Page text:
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Magical Mojave Tour

It doesn't take much money to get involved in desert life on a moms-and-kids car trip through towns around Barstow

April 25, 1999|LUCRETIA BINGHAM | Lucretia Bingham is a Los Angeles-based freelance writer

MOJAVE DESERT, Calif. — "This place is packed with bones and crystals!" Matt Walker, 11 years old, had his nose as close to the ground as the term "rockhound" implies. I had picked up my friend Judy Walker and two of her three children on a Saturday morning for a trip to explore the Mojave Desert. We headed out California 14 past Lancaster to the Rosamond Boulevard turnoff. East of Rosamond, a vast sky-blue lake shimmered off the road to our right. Except we knew that there is no water here in the desert--Rosamond Lake is dry but produces a staggeringly real mirage.

"It's a ghost lake!" said Jenny, 8 years old and very interested in ghosts and illusions and animal tracks. Minutes later, when we pulled off the road for a walk, she danced ahead over the miniature hills of a cracked and eroded wash, entranced by the tiny tracks left by nighttime kangaroo rats.

Over the years, I've developed a theory on successful traveling with children. My rule is simple: Make frequent, high-interest stops with some kind of physical activity.

We stopped for lunch at the Wayside Cafe in Rosamond, across from the railroad tracks where boxcars were piled high with minerals. The cafe was full of men wearing cowboy hats and a waitress with a waist-long ponytail. We had good, fresh sliced turkey sandwiches with sides of sweet fruit. The children ordered brown cows (Coke floats) and onion rings and wangled quarters from their mom for the candy machines.

We got back on 14, drove a few miles north, then turned right onto California 58 heading east toward Barstow. After about 25 miles, we turned north up Boron Avenue toward the U.S. Borax mine, the largest mining operation in California. When in Boron, as they say in Boron, visit the borax mine.

Viewed through the expansive window at the visitor center, the open-air mine pit is 1 1/2 miles wide and more than 600 feet deep, and has the striations of the Grand Canyon. Open seven days a week, the center had two friendly ladies and fascinating exhibits.

We spent the night in Barstow along historic Route 66 (the motel added a cot to the room's two queen-size beds), and ate dinner at the Cactus Kitchen restaurant. In the night, train whistles hooted out across the desert.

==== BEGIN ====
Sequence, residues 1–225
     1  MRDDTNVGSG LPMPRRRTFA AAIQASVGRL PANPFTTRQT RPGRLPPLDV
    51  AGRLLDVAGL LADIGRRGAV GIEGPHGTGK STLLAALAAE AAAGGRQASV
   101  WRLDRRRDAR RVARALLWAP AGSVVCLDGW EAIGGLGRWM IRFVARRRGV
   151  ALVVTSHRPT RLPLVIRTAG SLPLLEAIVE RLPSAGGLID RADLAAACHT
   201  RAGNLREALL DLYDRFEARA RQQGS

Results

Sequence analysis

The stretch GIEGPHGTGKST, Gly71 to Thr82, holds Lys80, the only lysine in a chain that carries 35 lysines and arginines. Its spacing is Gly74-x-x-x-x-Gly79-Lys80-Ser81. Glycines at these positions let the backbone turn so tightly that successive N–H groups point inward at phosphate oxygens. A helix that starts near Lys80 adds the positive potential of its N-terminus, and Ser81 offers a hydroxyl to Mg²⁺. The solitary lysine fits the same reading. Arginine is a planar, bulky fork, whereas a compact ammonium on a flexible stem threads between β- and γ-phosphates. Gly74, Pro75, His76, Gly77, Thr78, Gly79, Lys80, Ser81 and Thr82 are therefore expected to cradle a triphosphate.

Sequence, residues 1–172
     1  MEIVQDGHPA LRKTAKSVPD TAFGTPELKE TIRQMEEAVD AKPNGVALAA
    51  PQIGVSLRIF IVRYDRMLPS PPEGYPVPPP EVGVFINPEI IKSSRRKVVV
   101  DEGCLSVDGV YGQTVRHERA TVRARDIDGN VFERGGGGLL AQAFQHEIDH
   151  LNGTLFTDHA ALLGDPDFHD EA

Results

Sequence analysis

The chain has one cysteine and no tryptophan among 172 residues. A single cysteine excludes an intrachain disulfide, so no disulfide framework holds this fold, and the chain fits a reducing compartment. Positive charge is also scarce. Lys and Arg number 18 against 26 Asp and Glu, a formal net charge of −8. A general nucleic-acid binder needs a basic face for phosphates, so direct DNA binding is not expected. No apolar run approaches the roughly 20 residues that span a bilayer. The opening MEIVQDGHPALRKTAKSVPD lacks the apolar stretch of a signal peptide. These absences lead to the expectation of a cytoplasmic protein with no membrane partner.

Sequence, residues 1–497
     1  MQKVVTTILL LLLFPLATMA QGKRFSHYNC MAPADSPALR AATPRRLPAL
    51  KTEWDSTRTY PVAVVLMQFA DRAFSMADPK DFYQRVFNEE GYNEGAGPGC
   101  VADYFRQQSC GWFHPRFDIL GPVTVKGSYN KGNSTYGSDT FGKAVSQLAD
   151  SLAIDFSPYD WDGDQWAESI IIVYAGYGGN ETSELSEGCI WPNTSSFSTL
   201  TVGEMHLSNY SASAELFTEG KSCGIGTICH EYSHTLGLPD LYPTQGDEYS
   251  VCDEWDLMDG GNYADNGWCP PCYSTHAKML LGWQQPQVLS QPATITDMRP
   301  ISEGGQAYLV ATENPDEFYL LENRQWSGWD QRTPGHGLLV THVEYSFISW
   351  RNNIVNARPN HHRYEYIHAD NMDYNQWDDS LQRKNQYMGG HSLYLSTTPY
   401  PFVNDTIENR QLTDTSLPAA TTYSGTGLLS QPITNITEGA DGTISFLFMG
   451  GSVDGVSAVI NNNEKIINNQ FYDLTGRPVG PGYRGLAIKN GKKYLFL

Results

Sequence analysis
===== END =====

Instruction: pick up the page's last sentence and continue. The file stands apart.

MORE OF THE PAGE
The next morning, we drove eight miles outside Barstow to Calico Ghost Town, a restored miners' village with costumed actors. The surrounding hills were streaked with mauve, pale green and beautiful iron-oxide red. In the late 19th century, 4,000 people lived in the town of Calico. Many of the houses from those days are built of stone the same pink as the striations in the surrounding hills. Now only nine people live here.

We arrived early, while the air was fresh and the shadows still blue. The "town sheriff," with a pearled gun in his holster, leaned his chair back against the wall of his shack, guarding the entrance. Farther up the main street, lined with shops selling souvenirs, a lone cowboy in chaps played a mournful tune on his accordion.

"Can I take a picture?" I asked.

"You're a grown woman," he said out of the side of his mouth. "Do whatever you want!"

"Are those real guns?" asked Jenny.

"Are you a real kid?" was his unsmiling answer. Jenny's eyes got wide, and she didn't know whether to laugh or not. Later, a slapstick gunfight was staged between two of these wandering Western-garbed miners, and then she knew to laugh at the guy who said, "I ain't shot no tourists yet today!"

Another miner, in a felt hat trimmed with silver, taught Jenny and Matt how to pan for gold in water sluicing down into a trough. I wandered off to see a glass-bottle house. Later we walked through a tunnel hand-hewn into the mountain, and lunched at an eatery overlooking the canyon. Judy and I sat, while Jenny and Matt shrieked with laughter on the seesaw just in front of the old schoolhouse. We left just as the tour buses started to arrive in early afternoon.


Budget for Four

Best Western: $68.31

Lunch, Wayside Cafe: 32.76

Entrance, borax mine: 2.00

Dinner, Cactus Kitchen: 58.10

Entrance, ghost town: 18.00

Gas: 22.16

Lunch, ghost town: 24.00

FINAL TAB: $225.33

Best Western Desert Villa, 1984 E. Main St., Barstow, CA 92311; tel. (800) 528- 1234. Calico Ghost Town; tel. (760) 254-2122. U.S. Borax Mine; tel. (760) 762-7432.

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